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Nine Algorithms That Changed the Future: The Ingenious Ideas That Drive Today's Computers

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Computing is transforming our society in ways that are as profound as the changes wrought by physics and chemistry in the previous two centuries. Indeed, there is hardly an aspect of our lives that hasn't already been influenced, or even revolutionized, by digital technology. Given the importance of computing to modern society, it is therefore somewhat paradoxical that there is so little awareness of the fundamental concepts that make it all possible. The study of these concepts lies at the heart of computer science, and this new book by MacCormick is one of the relatively few to present them to a general audience.

One reason for the relative lack of appreciation of computer science as a discipline is that it is rarely taught in high school. While an introduction to subjects such as physics and chemistry is generally considered mandatory', it is often only at the college or university level that computer science can be studied in its own right. Furthermore, what is often taught in schools as "computing" or "ICT" (information and communication technology) is generally little more than skills training in the use of software packages. Unsurprisingly, pupils find this tedious, and their natural enthusiasm for the use of computer technology in entertainment and communication is tempered by the impression that the creation of such technology is lacking in intellectual depth. These issues are thought to be at the heart of the 50 percent decline in the number of students studying computer science at university over the last decade. In light of the crucial importance of digital technology to modern society, there has never been a more important time to re-engage our population with the fascination of computer science.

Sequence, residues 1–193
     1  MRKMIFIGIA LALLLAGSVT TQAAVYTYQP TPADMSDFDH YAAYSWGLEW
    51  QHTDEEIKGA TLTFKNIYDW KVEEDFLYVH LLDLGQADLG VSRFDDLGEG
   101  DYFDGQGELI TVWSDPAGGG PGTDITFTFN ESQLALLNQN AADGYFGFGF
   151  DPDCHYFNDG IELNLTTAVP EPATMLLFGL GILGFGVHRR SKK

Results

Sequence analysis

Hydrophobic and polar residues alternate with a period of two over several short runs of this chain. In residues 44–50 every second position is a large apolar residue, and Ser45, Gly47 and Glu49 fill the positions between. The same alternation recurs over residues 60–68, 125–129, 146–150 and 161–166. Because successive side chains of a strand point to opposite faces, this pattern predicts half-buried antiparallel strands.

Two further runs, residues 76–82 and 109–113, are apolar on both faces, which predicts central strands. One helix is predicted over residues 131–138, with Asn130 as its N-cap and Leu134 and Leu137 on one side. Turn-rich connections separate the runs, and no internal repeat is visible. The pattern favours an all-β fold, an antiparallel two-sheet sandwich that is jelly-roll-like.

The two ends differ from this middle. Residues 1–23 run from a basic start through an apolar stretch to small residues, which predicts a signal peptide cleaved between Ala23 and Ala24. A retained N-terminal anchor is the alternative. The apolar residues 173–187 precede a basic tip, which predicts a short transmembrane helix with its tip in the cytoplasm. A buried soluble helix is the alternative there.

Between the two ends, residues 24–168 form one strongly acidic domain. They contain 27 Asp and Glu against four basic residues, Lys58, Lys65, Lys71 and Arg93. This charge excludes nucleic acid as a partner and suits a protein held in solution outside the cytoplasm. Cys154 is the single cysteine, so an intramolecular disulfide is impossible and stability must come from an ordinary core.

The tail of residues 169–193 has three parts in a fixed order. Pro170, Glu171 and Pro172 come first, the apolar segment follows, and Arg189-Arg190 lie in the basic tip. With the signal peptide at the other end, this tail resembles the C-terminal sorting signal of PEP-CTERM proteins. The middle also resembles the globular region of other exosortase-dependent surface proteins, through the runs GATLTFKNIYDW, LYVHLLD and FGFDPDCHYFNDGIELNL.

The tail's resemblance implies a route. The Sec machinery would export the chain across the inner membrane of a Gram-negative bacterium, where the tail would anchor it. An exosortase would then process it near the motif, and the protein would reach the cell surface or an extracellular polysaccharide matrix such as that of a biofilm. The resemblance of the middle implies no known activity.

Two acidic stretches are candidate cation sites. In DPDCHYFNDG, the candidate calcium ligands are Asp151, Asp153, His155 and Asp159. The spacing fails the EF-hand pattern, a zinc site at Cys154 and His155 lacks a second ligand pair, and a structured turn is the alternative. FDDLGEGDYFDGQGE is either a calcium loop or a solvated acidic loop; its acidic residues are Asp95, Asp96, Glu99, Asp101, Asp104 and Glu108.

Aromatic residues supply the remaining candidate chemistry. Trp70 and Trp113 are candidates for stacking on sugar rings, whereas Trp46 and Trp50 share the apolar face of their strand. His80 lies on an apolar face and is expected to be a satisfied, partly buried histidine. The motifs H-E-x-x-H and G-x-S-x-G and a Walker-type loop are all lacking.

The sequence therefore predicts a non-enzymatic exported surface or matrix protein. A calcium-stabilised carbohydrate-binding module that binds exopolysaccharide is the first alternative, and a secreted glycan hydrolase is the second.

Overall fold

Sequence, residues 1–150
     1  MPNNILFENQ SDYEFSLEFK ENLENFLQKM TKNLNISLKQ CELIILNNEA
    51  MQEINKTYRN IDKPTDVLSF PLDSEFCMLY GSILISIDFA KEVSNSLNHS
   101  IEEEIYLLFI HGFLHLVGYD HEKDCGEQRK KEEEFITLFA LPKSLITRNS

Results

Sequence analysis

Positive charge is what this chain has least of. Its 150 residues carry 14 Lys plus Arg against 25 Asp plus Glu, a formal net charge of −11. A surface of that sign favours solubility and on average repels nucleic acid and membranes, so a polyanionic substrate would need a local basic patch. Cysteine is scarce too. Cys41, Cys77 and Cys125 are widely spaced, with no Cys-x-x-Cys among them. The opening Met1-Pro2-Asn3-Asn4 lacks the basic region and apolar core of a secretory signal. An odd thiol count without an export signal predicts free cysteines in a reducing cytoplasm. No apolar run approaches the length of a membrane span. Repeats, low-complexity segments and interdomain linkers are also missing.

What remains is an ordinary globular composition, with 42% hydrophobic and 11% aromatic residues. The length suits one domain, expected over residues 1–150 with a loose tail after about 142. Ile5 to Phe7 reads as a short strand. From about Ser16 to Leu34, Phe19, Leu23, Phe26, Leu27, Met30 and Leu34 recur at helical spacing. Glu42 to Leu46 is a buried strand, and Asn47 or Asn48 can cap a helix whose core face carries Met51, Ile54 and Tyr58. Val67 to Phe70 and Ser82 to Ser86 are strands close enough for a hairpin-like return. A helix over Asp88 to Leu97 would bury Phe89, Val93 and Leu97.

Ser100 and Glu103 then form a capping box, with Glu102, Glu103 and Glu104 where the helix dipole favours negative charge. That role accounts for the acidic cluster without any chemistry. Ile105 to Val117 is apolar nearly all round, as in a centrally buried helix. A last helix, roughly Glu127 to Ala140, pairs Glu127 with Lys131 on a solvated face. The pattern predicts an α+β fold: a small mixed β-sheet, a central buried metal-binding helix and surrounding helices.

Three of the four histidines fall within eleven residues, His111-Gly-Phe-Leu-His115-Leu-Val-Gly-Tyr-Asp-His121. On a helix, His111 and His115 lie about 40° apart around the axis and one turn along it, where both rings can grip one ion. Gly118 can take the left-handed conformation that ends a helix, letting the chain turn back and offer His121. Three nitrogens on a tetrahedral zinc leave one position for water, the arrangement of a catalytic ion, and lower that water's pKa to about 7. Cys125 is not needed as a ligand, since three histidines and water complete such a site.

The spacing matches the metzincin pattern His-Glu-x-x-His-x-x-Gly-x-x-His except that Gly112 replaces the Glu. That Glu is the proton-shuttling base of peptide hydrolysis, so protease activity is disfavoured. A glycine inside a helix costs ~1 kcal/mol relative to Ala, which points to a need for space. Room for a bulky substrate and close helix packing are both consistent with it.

In 2008 I was fortunate in being selected to present the 180th series of Royal Institution Christmas Lectures, which were initiated by Michael Faraday in 1826. The 2008 lectures were the first time they had been given on the theme of computer science. When preparing these lectures I spent much time thinking about how to explain computer science to a general audience, and realized that there are very few resources, and almost no popular books, that address this need. This new book by MacCormick is therefore particularly welcome.

MacCormick has done a superb job of bringing complex ideas from computer science to a general audience. Many of these ideas have an extraordinary' beauty and elegance which alone makes them worthy of attention. To give just one example: the explosive growth of web-based commerce is only possible because of the ability to send confidential information (such as credit card numbers, for example) secretly and securely across the Internet. The fact that secure communication can be established over "open" channels was for decades thought to be an intractable problem. When a solution was found, it turned out to be remarkably elegant, and is explained by MacCormick using precise analogies that require no prior knowledge of computer science. Such gems make this book an invaluable contribution to the popular science bookshelf, and I highly commend it.
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